Figure 2

Hybrid spectrum arrangement for LTE macrocell and femtocells.

In practical implementation, the parameter of d can be estimated at HeNB corresponding to the received pilot power of eNB, i.e., reference signal received power (RSRP) in LTE network. The RSRP can be estimated by the added functionality at HeNB or can be estimated by HUE and sent to HeNB as a measurement report via an added radio resource control (RRC) signalling message. In this way dth corresponds to a pilot power threshold, pth. Denote the estimated value of RSRP as p r . A femtocell is viewed as an inner femtocell if p r pth; otherwise, it is viewed as an outer femtocell. Using pth for decision making is regarded as a better approach rather than using dth because p r reflects the actual link quality with pathloss and shadowing between a HeNB and its embedding eNB. Assume the spectrum usage mode is allowed to be determined separately on LTE downlink and uplink, the values of dth for downlink and uplink can be set to different values.

The procedure to determine the spectrum usage mode by a HeNB is shown in Figure 3. Firstly, a HeNB detects the received RSRPs of neighboring eNBs. The highest detected value of RSRP of an eNB ( p r max ) is thought to be received from the embedding eNB with respect to the HeNB. Then, the HeNB compares p r max with pth, and determines the adopted spectrum usage mode based on the comparison result.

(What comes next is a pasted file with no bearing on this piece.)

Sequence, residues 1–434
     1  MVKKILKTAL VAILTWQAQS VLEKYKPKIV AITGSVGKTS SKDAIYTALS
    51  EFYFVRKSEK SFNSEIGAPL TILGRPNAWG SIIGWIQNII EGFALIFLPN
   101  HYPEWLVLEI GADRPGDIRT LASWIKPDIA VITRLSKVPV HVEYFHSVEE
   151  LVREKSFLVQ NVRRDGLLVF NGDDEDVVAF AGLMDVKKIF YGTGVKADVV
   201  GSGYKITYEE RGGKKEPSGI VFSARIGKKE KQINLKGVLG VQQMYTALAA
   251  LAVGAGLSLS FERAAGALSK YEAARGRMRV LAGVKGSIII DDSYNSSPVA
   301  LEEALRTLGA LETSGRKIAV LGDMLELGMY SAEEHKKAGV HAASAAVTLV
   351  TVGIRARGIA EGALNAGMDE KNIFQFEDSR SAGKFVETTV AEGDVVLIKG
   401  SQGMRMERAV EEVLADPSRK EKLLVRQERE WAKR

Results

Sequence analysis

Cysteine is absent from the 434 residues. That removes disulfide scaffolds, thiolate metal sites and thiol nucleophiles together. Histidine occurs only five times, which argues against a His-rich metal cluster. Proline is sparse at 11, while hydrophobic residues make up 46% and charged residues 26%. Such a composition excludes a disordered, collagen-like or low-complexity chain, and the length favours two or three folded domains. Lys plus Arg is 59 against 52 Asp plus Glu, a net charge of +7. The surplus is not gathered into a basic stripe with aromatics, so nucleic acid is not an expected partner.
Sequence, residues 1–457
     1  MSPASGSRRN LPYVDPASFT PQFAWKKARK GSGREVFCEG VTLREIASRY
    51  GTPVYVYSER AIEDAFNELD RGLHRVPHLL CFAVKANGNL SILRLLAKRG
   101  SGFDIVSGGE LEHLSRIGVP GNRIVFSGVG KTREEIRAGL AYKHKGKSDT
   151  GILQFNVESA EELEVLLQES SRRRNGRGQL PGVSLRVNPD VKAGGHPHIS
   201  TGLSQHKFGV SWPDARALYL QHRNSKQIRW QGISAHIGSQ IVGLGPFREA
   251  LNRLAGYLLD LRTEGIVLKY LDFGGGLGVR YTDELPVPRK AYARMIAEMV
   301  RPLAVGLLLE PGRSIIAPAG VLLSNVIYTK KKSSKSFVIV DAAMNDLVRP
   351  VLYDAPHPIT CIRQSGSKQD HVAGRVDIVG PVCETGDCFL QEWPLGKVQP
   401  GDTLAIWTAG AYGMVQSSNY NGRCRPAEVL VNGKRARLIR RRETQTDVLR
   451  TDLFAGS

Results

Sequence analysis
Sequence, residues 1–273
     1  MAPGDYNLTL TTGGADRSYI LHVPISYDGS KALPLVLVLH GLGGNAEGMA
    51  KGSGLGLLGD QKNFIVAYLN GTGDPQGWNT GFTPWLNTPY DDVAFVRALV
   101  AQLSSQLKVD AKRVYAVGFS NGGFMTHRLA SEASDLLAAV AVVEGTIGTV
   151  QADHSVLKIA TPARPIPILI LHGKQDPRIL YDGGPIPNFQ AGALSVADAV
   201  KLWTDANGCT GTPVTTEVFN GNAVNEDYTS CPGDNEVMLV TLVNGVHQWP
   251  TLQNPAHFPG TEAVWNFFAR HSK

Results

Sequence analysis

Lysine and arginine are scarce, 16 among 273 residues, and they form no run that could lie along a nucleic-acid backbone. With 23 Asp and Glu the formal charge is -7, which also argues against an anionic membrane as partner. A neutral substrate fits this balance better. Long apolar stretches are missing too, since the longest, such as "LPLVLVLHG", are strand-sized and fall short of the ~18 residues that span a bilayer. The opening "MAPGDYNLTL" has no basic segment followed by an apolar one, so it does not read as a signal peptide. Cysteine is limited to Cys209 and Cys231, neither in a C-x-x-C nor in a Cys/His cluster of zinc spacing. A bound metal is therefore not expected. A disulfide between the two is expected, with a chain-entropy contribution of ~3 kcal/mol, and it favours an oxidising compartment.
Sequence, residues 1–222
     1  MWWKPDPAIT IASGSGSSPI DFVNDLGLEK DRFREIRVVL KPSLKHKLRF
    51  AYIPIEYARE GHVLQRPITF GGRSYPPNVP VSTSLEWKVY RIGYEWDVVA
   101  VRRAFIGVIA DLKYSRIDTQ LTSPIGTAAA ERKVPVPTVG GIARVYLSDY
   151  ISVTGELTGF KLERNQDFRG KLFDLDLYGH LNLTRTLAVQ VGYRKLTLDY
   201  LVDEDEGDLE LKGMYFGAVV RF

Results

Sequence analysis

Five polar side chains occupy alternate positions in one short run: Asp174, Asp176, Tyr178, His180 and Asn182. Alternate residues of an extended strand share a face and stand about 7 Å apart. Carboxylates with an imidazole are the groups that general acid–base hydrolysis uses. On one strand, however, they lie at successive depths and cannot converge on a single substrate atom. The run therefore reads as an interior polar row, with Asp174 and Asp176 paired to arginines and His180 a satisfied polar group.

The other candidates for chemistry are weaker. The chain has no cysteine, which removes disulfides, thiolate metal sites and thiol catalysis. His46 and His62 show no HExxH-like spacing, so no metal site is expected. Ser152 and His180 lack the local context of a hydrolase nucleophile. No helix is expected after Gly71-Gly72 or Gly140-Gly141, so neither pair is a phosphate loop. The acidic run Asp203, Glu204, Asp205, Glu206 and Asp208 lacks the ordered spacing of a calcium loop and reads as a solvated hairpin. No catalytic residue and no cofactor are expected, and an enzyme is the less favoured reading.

Figure 3

Procedure to determine the spectrum usage mode by HeNB.

4.2 Downlink and uplink analysis to determine the spatial thresholds

Next, we clarify how to determine the values of spatial threshold dth on downlink and uplink for selecting the spectrum usage mode. In the analysis, we consider the case of n f =1, i.e., only one femtocell exists within a macrocell. For the case of n f >1, i.e., multiple femtocells exist within a macrocell, we evaluate the performance by system-level simulation.

4.2.1 Downlink analysis

First, we evaluate the downlink throughput of macrocell. According to Shannon formula, the downlink throughput achieved by macrocell depends on the bandwidth and SINR. The downlink throughput of macrocell with co-channel spectrum usage, C m dl , co-channel , and that with dedicated-channel spectrum usage, C m dl , dedicated , can be estimated by
C m dl , co-channel = w t log 2 ( 1 + γ m dl , co-channel )
(3)
and
C m dl , dedicated = w m log 2 ( 1 + γ m dl , dedicated )
(4)

where γ m dl , co-channel and γ m dl , dedicated denote the downlink SINRs of MUEs with co-channel spectrum usage and dedicated-channel spectrum usage, respectively. Note that the downlink throughput of macrocell should be estimated as the sum of achievable throughput of assigned resource blocks (RBs) of MUEs. The sum computation is omitted here and hereafter for terminology simplicity.

The downlink SINR of MUE, γ m dl , can be evaluated by
γ m dl = s m I mm dl + I fm dl + N = p t , m x 0 - α 1 i = 1 n m - 1 p t , m x i - α 1 + p t , f l - α 2 1 0 - β 10 1 0 - ρ 10 + w N 0
(5)

where

s m received downlink signal power at MUE

I mm dl downlink macrocell-to-macrocell interference

I fm dl downlink femtocell-to-macrocell interference

N background noise power

pt,m transmit power of eNB

x0 distance between severing eNB and MUE

α1 path loss exponent at macrocell

n m number of eNBs

x i distance between MUE and i th eNB

pt,f transmit power of HeNB

l distance between MUE and HeNB

α2 path loss exponent at femtocell

β penetration loss in dB from outdoor to indoor

ρ adjacent channel interference ratio (ACIR) in dB

N0 power spectral density of background noise